A concern was expressed earlier this year about the amount of money being spent to print, primarily, lecture notes in student labs. The IDTC discussed the issue and forwarded their comments to a committee chaired by Sandie Franklin studying this issue. The committee identified the following issues:
1) A cost shift is occurring since departments don't have money to print materials and faculty are being asked to post notes on the Web.
2) In the past, faculty have sold notes at the Bookstore and materials would be available usually 12–24 hours after receipt. This procedure is now more time consuming since all materials must go through Printing and Mailing Services due to copyright concerns. To avoid the time delay, some faculty are placing their notes on the Web.
3) The committee discussed asking faculty to question whether placing their lecture notes on the Web is really an appropriate use of the Web as compared to links to sites that students may not normally have access to.
4) There is a need for IS to explain to faculty and students what is appropriate, where are costs allocated, and whether routinely printing large amounts is something students would normally expect from the $50 Technology Resource Fee.
Senator Morris, Science, questioned where the balance of the money goes if there is only $62,000 available this year. Block responded that the IDTC receives an allocation of the Technology Resource Fee from IS and this was the amount left after reductions.
In response to Senator Lee, Science, questioning why it may not be appropriate for lecture notes to be placed on the Web, Block responded that there is a cost issue involved and the committee wondered if there was another way that would be just as effective at a lower cost.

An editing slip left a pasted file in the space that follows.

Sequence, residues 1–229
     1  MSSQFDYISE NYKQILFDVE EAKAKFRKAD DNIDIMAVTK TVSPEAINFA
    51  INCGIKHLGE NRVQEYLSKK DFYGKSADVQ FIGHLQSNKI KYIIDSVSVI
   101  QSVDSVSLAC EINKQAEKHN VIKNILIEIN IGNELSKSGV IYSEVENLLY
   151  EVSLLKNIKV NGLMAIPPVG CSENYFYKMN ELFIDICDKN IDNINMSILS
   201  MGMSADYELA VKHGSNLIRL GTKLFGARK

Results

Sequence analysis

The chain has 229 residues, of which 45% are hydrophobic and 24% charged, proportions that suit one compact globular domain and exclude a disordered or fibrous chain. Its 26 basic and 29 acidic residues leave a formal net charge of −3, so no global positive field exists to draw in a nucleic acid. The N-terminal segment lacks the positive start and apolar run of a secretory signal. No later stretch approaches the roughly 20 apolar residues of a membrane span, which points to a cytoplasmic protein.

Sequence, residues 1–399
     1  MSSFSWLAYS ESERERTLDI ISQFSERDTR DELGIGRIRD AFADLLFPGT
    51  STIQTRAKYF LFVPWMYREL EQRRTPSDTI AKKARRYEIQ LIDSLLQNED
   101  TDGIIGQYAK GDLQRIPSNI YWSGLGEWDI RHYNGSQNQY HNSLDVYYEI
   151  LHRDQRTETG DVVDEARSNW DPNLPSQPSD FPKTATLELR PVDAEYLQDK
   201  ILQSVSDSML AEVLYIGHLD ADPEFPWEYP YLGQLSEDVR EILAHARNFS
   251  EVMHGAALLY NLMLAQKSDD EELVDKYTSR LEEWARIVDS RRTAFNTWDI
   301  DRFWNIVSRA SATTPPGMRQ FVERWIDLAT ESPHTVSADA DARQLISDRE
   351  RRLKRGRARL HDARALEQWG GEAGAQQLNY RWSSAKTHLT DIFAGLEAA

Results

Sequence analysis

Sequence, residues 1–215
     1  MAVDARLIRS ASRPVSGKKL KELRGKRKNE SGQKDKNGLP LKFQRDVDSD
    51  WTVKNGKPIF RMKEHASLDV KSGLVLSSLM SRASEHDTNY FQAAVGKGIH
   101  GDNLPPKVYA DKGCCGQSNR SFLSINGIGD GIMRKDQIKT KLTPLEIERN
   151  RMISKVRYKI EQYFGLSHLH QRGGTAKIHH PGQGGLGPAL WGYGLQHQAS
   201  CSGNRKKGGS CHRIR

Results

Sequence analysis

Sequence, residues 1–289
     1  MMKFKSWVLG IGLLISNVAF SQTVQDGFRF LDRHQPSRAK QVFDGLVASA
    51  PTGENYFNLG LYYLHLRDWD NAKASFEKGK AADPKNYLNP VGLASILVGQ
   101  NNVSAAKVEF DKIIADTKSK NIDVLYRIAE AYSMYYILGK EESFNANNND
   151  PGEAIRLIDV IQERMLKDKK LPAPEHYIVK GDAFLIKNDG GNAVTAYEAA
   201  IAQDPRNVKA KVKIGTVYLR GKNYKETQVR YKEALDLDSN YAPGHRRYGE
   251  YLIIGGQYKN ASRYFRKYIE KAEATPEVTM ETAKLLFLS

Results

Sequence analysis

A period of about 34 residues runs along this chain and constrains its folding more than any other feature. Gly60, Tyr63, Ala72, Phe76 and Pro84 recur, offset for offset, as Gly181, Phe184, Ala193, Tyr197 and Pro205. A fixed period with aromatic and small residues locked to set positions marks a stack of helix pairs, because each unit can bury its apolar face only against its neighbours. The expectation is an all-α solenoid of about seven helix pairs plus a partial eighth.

Senator Coakley, Science, felt there was a conflict since faculty are being asked to use the Web and then being told that it costs too much to use the Web. She also finds it odd that some sort of printing or copying metering device is not in place. Block responded that some places do meter copies.
Senator Brooks, Business, felt that since there is a zero cost to print copies, students print more than is necessary. If this were an economic choice where students had to pay a marginal cost for copies made, they would choose the most economic route.
Senator Daley, Agricultural Sciences, noted that some students are in a marginal economic status. He was concerned about asking them to pay an additional fee.
In response to Senator Burton, Science, expressing his feeling that it would be a huge step backwards to take course materials off the Web, Block indicated that was not a recommendation.
Block responded negatively to Rose who questioned whether there was any discussion of professors distributing their notes on disk.
Jon Dorbolo, Information Services, felt that printing is related to quality. He has found from teaching on the Web that students who print materials don't print pages that show activity, rather they look for activity and, when absent, they default to the print button. Robson agreed with Dorbolo and hoped that the IS committee could pro–vide guidelines for appropriate use of the Web medium.